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New York’s sprawling climate and energy plan advances: What happens next?

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  • Josh Durso 

A state panel led by energy industry officials and experts approved a final plan for reaching New York’s climate goals. While many advocates celebrated the outcome, which was years in the making, Upstate Republicans bashed it.

The plan outlines how New York will reach its energy goals and end the use of fossil fuels.

There are a few important benchmarks along the way. For example, reaching 70% renewable electricity by 2030. The state must reach 100% zero-emissions electricity by 2040. A decade after that the expectation is that the state will be zero net emissions across the board.

Major overhauls to current and future infrastructure will be needed. For example, in the coming decades homes and commercial buildings will electrified with heat pumps. Vehicles and farm equipment will be moved to electric.

“I applaud my colleagues on the Climate Action Council, and members of the various advisory panels and working groups, for their tireless work over the past three years to develop this Scoping Plan to serve as a framework to achieve our ambitious climate targets under the nation-leading Climate Act,” Basil Seggos said. “This Plan serves as a bold, monumental achievement not just for New York State, but for the nation and the world, which centers on equity and climate justice across all sectors, building opportunities for all, and ensuring we have a workforce that can transition as seamlessly as possible in our new clean energy economy. Our work is just beginning, and we are leading the way to a cleaner, greener, and brighter future.”

NYSERDA President and CEO Doreen M. Harris, who led the Climate Action Council, said New York worked hard to lay the ground work that allowed it get where it is now.

DiSanto Propane (Billboard)

“New York State laid the groundwork for change with its nation-leading climate law, and through the diligent and thoughtful work of the Climate Action Council, along with input from the public in every corner of the state, we now have an action plan to follow to ensure we meet these critical goals,” Harris said. “Today is certainly a day to celebrate, but this also marks the beginning of more significant work to come as we forge the path ahead and lead by example on how to transition an economy based on the conventional energy practices of yesterday to the thriving green economy of tomorrow.”

Meanwhile, Republicans like State Senator Tom O’Mara blasted the outcome.

“Governor Hochul’s ambition to impose far-reaching clean energy mandates on all New Yorkers keeps moving forward, yet her unwillingness to explain how much it will cost or how the state intends to pay for it remains shocking. Consumers have no idea what’s coming. The Climate Action Council’s plan has never been accompanied by any cost-benefit analysis of the impact of these actions on energy affordability, reliability, or sustainability,” O’Mara said. “I have joined legislative colleagues and many others over the past three years to sound the alarm, particularly over how these irrational and unsustainable mandates will come at great costs and consequences. Far too many New Yorkers remain in the dark about these potential costs and consequences, largely because Governor Hochul and her clean energy czars either don’t truly know or really don’t want to shine any light on it.”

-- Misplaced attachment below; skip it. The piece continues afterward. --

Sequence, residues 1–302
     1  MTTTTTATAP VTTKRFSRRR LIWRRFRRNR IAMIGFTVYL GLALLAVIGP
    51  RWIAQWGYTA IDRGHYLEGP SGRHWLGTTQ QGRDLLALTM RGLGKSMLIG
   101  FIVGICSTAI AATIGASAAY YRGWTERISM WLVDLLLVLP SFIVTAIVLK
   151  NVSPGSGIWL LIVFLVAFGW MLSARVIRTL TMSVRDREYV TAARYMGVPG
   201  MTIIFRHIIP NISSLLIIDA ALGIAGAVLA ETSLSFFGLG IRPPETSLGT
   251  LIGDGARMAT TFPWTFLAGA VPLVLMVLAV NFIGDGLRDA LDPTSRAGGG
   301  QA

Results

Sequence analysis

Sen. O’Mara says the state is dreadfully unprepared for meeting the goals laid out in the plan.

“The plan will require a total electric grid generation capacity of 111 gigawatts (GW) including 95GW of new, not currently existing generation. It further calls for 27GW of dispatchable zero emissions generation, none of which exists today, nor does the technology, nor does the plan even define what zero emissions generation can be. To put this massive generation capacity buildout in perspective, since 1999, New York State has only added 12.9GW of new generation capacity,” Sen. O’Mara continued. ““Many of us in the Senate and Assembly Republican conferences have steadfastly highlighted the plan’s extreme efforts to eliminate reliable, affordable sources of energy that are vital for the citizens and communities we represent. We have also fully encouraged New York’s past efforts to increase cleaner and renewable power, efforts that have been astoundingly successful. New York State is already a national and worldwide leader accounting for just 0.4% of global carbon emissions.”

The Council approved the Scoping Plan following the release of the Draft Scoping Plan on Dec. 30, 2021, and a robust public comment period that included 11 public hearings across the State and more than 35,000 written comments. This feedback and other information on the plan’s development can be found on the New York State Climate Act website,, along with an Executive Summary and additional resources. The Council’s seven Advisory Panels, along with the Climate Justice Working Group (CJWG) and Just Transition Working Group (JTWG), also submitted recommendations for consideration in the development of the Scoping Plan. The contributions from these groups are included in appendices to the Scoping Plan. As required under the Climate Act, the Council will update the Scoping Plan every five years to ensure the plan continues to meet the State’s aggressive climate targets.